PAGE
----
NBC: 'Without Friends' In Middle East, Hamas Forced to 'Negotiate With Its Enemies'

In a report for Tuesday's NBC Nightly News, chief foreign correspondent Richard Engel declared that "Gazans tried to put their lives back together" during a cease-fire with Israel and said of the Palestinian terrorist group that spurred the conflict: "Hamas, after a month of punishment, realized it was nearly without friends in the region. Especially Egypt, its Arab neighbor and former ally." [Listen to the audio or watch the video after the jump]

Engel explained: "This is Gaza's crossing into Egypt. Throughout this war, Hamas's main demand has been to open it, but it's still closed. Hamas has enemies in Israel and in the military-led government in Egypt." Strange that NBC never reported on the isolation of Hamas until after the violence subsided.

After describing how Egyptian President Sisi "loathes Hamas," Engel highlighted one Palestinian man "as angry with Egypt as he was with Israel." The man ranted that "Egypt didn't help us" and "Sisi is an Israeli agent."

Engel wrapped up the segment by proclaiming: "Trapped between Israeli bombs and tanks, and Egypt's sealed border, Hamas had little choice but to negotiate with its enemies."

Earlier in the conflict, Engel worried that Hamas would get "nothing" from a cease-fire.


Here is a full transcript of the August 5 report:

7:12 PM ET

BRIAN WILLIAMS: Overseas now to the war in the Middle East. There were hopes that this current cease-fire, number eight, would be different. And so far it has held. Israel has used the break in fighting to take its ground forces out of Gaza, after fighting that has now gone on for four weeks today. Our chief foreign correspondent Richard Engel reports tonight from Rafah in southern Gaza.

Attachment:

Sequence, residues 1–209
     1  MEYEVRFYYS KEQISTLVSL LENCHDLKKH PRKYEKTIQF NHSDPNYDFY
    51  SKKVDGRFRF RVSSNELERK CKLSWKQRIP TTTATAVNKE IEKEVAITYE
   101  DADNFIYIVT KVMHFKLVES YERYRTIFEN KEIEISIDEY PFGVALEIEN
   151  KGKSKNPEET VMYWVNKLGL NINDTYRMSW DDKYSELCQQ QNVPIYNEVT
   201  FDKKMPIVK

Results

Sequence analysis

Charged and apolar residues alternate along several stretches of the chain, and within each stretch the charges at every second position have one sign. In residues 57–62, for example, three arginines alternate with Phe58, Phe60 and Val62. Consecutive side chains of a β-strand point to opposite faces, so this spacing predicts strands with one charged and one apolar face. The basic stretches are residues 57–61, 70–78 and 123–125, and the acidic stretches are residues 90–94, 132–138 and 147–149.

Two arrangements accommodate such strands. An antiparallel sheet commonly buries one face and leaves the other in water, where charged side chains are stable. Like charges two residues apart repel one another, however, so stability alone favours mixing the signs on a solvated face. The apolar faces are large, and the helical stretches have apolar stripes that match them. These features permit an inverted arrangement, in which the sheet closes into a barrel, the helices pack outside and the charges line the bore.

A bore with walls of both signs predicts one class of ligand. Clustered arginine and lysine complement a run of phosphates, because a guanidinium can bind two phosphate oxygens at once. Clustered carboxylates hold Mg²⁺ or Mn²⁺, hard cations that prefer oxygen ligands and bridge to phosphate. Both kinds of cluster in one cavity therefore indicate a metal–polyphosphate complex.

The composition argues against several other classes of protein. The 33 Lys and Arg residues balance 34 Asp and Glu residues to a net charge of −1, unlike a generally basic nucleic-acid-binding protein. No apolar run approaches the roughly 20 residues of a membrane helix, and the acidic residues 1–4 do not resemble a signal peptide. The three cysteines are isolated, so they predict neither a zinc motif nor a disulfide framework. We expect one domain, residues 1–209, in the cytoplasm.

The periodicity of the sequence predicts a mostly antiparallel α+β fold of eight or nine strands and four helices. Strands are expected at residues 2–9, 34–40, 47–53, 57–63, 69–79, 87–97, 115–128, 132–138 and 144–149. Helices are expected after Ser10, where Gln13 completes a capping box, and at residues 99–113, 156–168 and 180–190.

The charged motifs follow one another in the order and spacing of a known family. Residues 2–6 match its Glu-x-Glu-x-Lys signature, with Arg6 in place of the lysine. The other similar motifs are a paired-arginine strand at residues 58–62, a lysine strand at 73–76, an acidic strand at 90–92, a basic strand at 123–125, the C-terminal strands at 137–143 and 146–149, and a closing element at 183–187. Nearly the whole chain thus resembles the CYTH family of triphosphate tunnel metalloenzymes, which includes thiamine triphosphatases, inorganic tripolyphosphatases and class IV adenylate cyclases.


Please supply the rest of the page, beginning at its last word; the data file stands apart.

RICHARD ENGEL: After a month of bitter fighting, Israeli troops today finally pulled out of Gaza. Gazans tried to put their lives back together. Markets filled up, fishermen were back at work. So what changed? Israel accomplished its stated goal of destroying Hamas's tunnels. And just in time, because Washington was losing patience as Palestinian civilian casualties mounted.

Hamas, after a month of punishment, realized it was nearly without friends in the region. Especially Egypt, its Arab neighbor and former ally. This is Gaza's crossing into Egypt. Throughout this war, Hamas's main demand has been to open it, but it's still closed. Hamas has enemies in Israel and in the military-led government in Egypt.

Egypt's President Sisi loathes Hamas, which is part of the Muslim Brotherhood. Sisi ousted the brotherhood from power in Egypt and has been putting its members in jail.

In Gaza, as he picked through the rubble of his home today, Shoti Najar was as angry with Egypt as he was with Israel. "Egypt didn't help us," he said. "Sisi is an Israeli agent." Trapped between Israeli bombs and tanks, and Egypt's sealed border, Hamas had little choice but to negotiate with its enemies. Richard Engel, NBC News, Gaza.

Kyle Drennen
Kyle Drennen
Kyle Drennen is a News Analyst for MRC